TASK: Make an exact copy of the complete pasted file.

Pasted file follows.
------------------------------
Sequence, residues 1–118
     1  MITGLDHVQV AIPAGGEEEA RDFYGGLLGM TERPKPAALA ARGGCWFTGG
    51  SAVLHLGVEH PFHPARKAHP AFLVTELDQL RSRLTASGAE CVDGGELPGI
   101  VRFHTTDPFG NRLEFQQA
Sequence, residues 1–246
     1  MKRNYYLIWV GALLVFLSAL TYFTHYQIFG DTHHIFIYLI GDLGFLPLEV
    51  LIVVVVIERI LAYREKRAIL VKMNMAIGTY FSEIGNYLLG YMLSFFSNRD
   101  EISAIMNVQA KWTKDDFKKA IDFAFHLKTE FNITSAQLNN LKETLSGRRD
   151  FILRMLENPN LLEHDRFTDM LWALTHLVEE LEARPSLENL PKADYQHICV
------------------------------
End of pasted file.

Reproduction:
Sequence, residues 1–118
     1  MITGLDHVQV AIPAGGEEEA RDFYGGLLGM TERPKPAALA ARGGCWFTGG
    51  SAVLHLGVEH PFHPARKAHP AFLVTELDQL RSRLTASGAE CVDGGELPGI
   101  VRFHTTDPFG NRLEFQQA
Sequence, residues 1–246
     1  MKRNYYLIWV GALLVFLSAL TYFTHYQIFG DTHHIFIYLI GDLGFLPLEV
    51  LIVVVVIERI LAYREKRAIL VKMNMAIGTY FSEIGNYLLG YMLSFFSNRD
   101  EISAIMNVQA KWTKDDFKKA IDFAFHLKTE FNITSAQLNN LKETLSGRRD
   151  FILRMLENPN LLEHDRFTDM LWALTHLVEE LEARPSLENL PKADYQHICV